Virtually every part of the country experiences a dry spell now and then, but droughts---a persistent shortage of precipitation or other water that lasts for weeks, months and even years---pose significant horsekeeping challenges. The shift in your priorities and the resulting changes in your management routine are likely to become the “new normal.” Here’s what that includes:
6. Protect the purity of the water you have. Check troughs daily to make sure your horse’s water is fresh and palatable. Algae can flourish in hot conditions and make your horse reluctant to drink. In particular, be on the lookout for blue-green algae, which can be toxic to horses and bloom in warm, shallow, stagnant water. Empty and scrub any tank that looks questionable.
7. Be on watch for weeds. When pastures are stressed by drought, opportunistic weeds can flourish. Not only will they crowd out any grass that may be attempting to grow during a drought, but they can be a toxic hazard to hungry horses looking for something to chew on. Mow pastures regularly, even when growth of grass is slow, to keep weeds in check. And familiarize yourself with toxic plants in your area so you’ll recognize them if they appear.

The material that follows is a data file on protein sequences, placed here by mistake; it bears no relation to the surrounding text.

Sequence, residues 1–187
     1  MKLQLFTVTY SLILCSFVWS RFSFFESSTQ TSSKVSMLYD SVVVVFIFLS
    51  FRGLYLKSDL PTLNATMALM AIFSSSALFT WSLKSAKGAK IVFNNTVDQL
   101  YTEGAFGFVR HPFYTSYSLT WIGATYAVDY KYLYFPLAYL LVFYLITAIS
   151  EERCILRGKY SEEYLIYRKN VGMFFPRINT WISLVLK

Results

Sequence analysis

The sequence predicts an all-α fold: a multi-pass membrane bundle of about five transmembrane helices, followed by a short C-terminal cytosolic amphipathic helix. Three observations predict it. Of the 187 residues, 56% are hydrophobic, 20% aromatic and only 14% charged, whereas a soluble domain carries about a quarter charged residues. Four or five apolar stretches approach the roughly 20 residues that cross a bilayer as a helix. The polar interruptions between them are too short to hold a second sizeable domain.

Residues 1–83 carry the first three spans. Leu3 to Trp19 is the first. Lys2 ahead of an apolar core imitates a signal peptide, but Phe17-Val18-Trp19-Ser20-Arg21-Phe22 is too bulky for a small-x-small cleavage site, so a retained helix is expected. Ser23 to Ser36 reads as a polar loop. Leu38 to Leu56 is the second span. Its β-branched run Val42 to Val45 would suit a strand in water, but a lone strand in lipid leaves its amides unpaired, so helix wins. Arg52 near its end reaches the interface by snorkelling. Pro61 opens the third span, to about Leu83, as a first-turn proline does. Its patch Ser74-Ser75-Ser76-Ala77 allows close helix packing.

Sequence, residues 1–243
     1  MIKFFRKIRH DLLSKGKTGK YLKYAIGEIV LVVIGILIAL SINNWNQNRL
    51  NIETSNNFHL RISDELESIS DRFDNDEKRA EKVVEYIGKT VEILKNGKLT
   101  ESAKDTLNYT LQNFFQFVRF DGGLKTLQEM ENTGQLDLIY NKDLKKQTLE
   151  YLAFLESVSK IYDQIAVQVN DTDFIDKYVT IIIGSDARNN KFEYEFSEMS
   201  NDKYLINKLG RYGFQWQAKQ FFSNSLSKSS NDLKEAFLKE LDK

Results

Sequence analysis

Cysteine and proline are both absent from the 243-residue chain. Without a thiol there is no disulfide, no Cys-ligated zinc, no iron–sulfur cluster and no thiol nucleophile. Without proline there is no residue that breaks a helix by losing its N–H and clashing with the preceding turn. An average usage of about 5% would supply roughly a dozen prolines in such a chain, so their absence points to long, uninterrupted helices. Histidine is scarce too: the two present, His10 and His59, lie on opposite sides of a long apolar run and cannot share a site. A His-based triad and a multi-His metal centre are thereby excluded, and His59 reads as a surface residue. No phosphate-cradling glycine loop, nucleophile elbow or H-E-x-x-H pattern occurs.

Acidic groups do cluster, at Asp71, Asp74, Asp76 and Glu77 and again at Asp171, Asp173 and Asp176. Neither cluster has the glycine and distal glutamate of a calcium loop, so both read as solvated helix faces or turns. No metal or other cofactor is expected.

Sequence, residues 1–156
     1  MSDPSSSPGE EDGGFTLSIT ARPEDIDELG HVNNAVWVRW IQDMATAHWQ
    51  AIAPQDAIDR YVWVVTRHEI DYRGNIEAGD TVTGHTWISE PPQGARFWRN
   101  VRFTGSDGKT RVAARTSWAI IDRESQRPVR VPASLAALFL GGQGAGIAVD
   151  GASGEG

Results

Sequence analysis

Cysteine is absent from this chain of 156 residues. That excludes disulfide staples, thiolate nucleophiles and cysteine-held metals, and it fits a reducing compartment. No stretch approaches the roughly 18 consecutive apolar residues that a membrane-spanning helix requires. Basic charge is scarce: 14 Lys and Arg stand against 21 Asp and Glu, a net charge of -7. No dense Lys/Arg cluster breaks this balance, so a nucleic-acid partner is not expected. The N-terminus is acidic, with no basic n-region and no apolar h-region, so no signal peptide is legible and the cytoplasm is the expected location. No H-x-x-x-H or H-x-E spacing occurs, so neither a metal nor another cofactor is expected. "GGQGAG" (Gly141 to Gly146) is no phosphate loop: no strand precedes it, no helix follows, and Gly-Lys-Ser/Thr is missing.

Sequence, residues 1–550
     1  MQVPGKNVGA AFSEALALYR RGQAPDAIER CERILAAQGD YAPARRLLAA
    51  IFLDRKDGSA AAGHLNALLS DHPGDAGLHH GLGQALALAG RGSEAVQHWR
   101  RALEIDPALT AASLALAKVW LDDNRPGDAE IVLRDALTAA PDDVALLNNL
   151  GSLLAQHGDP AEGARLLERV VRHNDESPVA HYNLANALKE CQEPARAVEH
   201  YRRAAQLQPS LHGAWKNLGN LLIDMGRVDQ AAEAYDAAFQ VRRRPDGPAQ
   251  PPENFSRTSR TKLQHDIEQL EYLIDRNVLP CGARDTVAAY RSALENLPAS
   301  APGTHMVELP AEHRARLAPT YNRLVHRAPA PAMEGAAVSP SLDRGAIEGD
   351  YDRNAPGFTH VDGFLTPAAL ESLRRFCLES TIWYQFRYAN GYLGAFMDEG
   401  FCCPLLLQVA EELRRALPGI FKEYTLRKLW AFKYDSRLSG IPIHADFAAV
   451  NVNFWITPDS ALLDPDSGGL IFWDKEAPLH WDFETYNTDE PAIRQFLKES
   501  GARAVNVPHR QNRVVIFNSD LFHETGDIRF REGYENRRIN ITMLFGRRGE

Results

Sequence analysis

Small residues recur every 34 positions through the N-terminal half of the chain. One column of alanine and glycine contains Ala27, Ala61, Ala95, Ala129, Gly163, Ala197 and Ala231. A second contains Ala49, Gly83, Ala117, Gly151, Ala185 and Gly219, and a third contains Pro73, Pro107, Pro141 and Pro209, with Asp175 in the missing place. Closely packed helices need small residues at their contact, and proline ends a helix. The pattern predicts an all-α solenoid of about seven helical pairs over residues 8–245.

8. Arrange for alternative forage. When pasture is sparse or nonexistent, you’ll need to provide the calories and “chew time” of roughage from another source. The easiest solution is to feed hay, although it can be difficult and pricey to find during a drought (see “When Hay Supplies Dwindle,” next page). Alternatives include a “complete feed” that provides nutritional roughage in a pellet form and alfalfa cubes, but these may not fulfill the urge to graze and chew, so your fences and trees might be targeted for gnawing. Talk with your veterinarian before making any significant changes in your horse’s diet.
9. Remain vigilant about dehydration. The unavailability of water---for any reason---is a significant risk factor for colic. Checking horses for dehydration is a good habit to have in general, but during drought conditions it becomes even more important. Young and old horses are especially susceptible to dehydration, as are pregnant mares. To check your horse’s hydration status, pinch a small fold of skin on the point of his shoulder and pull it away from his body slightly. Then release the skin; it should flatten out within two seconds. Any longer suggests dehydration and the need to immediately take steps to get your horse to drink.
Check troughs daily for growth of algae, which can flourish in very hot climates and make your horse reluctant